Don’t Let Rising Gas Prices Drag You Down
Don’t Let Rising Gas Prices Drag You Down. How to Budget to Beat the Economic Blues.
Mark lived through the high inflation and gas crisis back in the 1970s and felt lucky to have stayed in his house, put food on the table and send his kids to college.
During his prime earning years, he maintained that life was short. You do what you can to get by and enjoy as much of it as you can while you do it. He didn’t really think about tomorrow. He was too focused on getting through his day with as much joy as possible.
Now he’s living with his kids.
According to a MarketWatch report, 56% of Americans live paycheck to paycheck, including those making six figures. Gas prices currently hover around $5 per gallon and inflation recently rose to 8%.
Scary, right? Now is as good a time as any to learn how to create a budget and stick to it—no matter what.
If you balk at living with a budget, think about living out your golden years surrounded by the noise, sticky surfaces, and general stinkiness your grandkids will create every single day of those years. Like Mark does.
How to Set a Budget
Budgets allow you to see in black and white where your money is going and helps you steer your financial ship to keep it away from the rocks.
Here are a couple of steps to help you build your ark:
- Set your budget at the beginning of each month.
Budget using the income you will actually receive, not what you’re hoping to receive.
Make budgeting a family affair that everyone invests in. Everybody benefits from a financially healthy home. No one benefits from a rogue spender.
Know that you can always adjust your budget every couple of months. If one line item consistently comes in lower than expected, put the remainder in another category—preferably savings, but a line item for vacations or holiday gifts is also an option.
- Determine what’s a fixed expense and what’s a variable expense. A fixed expense like a mortgage or car payment is self-explanatory. A good tip for establishing a variable amount is to take the average you spent on the variable for three months and set that amount as the line-item figure.
- Place needs ahead of wants.
Savings should always come first. Take 20% of your monthly income and put it in savings.Essentials that affect your physical and financial wellbeing should take up 50% of your monthly income. A useful list in order of priority includes:
- Savings (there it is again)
- Credit card and loan payments
- Car payment
- Gas (Yep, car stuff is at the bottom. It’s an essential, but not at the top when you consider you can bike, use public transportation or ride share to work.)
Non-essentials like restaurants, streaming services, and that $4 Starbucks that enhance your lifestyle should take up the remaining 30%. Non-essentials are essential. If there’s something you really want, figure out how much of your essentials budget you’re willing to save and then figure out how many days or weeks it will take to buy it.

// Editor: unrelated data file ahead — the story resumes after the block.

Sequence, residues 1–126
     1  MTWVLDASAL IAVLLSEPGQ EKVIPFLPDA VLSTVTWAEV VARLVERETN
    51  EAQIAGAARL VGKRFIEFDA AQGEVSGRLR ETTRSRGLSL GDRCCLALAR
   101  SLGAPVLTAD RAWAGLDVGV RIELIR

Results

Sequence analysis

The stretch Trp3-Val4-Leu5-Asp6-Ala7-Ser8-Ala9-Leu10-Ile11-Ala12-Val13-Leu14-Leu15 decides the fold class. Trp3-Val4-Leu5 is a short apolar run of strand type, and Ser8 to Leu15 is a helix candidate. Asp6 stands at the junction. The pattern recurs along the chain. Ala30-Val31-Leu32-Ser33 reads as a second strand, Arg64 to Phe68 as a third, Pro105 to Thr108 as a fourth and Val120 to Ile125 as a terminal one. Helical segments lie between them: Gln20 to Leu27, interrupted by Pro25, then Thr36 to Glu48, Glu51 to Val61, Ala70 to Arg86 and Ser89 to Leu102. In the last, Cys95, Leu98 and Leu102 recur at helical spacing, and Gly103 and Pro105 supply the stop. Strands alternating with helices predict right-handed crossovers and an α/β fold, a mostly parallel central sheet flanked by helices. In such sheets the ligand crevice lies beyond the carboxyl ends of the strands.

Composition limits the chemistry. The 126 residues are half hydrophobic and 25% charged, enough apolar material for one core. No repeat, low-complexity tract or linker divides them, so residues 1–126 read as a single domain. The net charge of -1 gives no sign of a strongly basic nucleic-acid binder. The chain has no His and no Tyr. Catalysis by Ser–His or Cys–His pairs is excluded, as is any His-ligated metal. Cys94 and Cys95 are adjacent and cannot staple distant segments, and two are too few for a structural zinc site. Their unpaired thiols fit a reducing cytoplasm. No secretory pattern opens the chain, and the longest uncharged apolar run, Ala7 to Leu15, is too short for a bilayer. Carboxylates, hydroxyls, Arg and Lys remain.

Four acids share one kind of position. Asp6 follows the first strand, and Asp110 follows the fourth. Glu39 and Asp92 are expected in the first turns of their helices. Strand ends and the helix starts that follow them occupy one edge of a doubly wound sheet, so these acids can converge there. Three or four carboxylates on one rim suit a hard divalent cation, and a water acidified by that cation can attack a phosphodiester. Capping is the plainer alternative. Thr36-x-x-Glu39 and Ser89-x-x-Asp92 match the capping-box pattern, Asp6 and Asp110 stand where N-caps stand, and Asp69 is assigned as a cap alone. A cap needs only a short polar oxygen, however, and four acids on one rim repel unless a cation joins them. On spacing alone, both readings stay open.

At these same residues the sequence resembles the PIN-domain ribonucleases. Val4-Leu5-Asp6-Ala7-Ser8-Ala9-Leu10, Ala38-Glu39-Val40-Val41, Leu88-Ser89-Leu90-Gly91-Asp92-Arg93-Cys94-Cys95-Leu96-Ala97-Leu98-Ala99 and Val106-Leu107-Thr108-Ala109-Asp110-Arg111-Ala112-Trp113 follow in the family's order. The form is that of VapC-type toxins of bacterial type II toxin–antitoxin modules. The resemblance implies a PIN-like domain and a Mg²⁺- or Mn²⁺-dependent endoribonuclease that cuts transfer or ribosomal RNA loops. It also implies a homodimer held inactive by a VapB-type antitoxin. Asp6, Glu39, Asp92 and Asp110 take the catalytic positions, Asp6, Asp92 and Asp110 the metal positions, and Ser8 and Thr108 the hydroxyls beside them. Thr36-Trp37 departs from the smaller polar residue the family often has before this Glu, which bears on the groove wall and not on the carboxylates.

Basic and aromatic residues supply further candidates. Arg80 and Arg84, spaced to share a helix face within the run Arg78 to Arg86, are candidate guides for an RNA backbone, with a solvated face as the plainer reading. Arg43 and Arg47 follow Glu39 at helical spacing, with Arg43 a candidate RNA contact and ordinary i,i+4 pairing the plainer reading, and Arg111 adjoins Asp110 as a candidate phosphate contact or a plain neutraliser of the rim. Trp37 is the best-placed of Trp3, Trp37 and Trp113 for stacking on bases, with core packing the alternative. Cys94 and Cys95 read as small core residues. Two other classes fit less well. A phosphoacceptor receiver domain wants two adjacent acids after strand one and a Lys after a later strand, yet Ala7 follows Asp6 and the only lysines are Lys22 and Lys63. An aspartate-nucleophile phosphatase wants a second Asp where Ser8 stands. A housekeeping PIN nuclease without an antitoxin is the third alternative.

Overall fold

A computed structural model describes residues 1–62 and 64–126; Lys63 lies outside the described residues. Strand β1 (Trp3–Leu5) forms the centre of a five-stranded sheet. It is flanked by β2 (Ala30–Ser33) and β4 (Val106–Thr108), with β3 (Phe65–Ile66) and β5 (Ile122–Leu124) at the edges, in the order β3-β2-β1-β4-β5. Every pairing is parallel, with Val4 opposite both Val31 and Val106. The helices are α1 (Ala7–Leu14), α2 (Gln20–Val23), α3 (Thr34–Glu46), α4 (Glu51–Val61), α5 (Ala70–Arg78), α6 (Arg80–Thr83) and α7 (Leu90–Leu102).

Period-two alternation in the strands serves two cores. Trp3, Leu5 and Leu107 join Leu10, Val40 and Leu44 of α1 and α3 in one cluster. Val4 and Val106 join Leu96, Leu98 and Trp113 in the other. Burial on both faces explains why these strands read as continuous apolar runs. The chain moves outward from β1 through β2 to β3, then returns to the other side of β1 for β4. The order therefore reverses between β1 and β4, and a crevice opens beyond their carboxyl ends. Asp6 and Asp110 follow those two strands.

- Once you’ve paid off your credit cards, you can allocate that money to accommodate any rising costs in essentials or put it into savings.
- Make it a goal to build up three to six months of savings to cover your expenses in case of emergencies.
- If you have direct deposit, steer some of your paycheck directly into a savings account. And devote part of that savings to a retirement savings plan.
How to Fight Rising Gas Prices
The best thing you can do for your wallet besides dusting off your bicycle or hopping the bus to work is to make your car as efficient as possible. Some things to do to decrease the things that make it work harder:
- Change the air filters.
- Keep your tires road ready. Proper tire pressure can save up to thirteen cents per gallon.
- Don’t idle. If you know you’re not going anywhere for a while, turn off your car.
- Same for parking. Turn it off.
- Turn off the AC and open your windows.
- Take off your racks and carriers. They create wind resistance that strains your engine, thus requiring more gas.
- Clean out your car to lighten the weight your car’s carrying.
- Combine errands into one trip.
- Slow your roll. Adhere to the speed limit and accelerate slowly.
Invest in Your Future and Protect Your Family
With the world in not only financial turmoil but suffering increasing episodes of violence, it may be time to reframe your life insurance choices. Specifically, a permanent life policy that accrues cash value as well as provides a death benefit should the worst happen.
If you currently have a term life policy, consider converting it. This will not only build wealth but will save you from having to submit to a medical exam—an extra bonus if you’re starting to notice your health changing as you get older.
Mark would have benefited from these tips if he’d had them and heeded them. But he didn’t. And now he’s trying to make the best of things while he helps his daughter-in-law change diapers and fold towels.
Best of luck, Mark.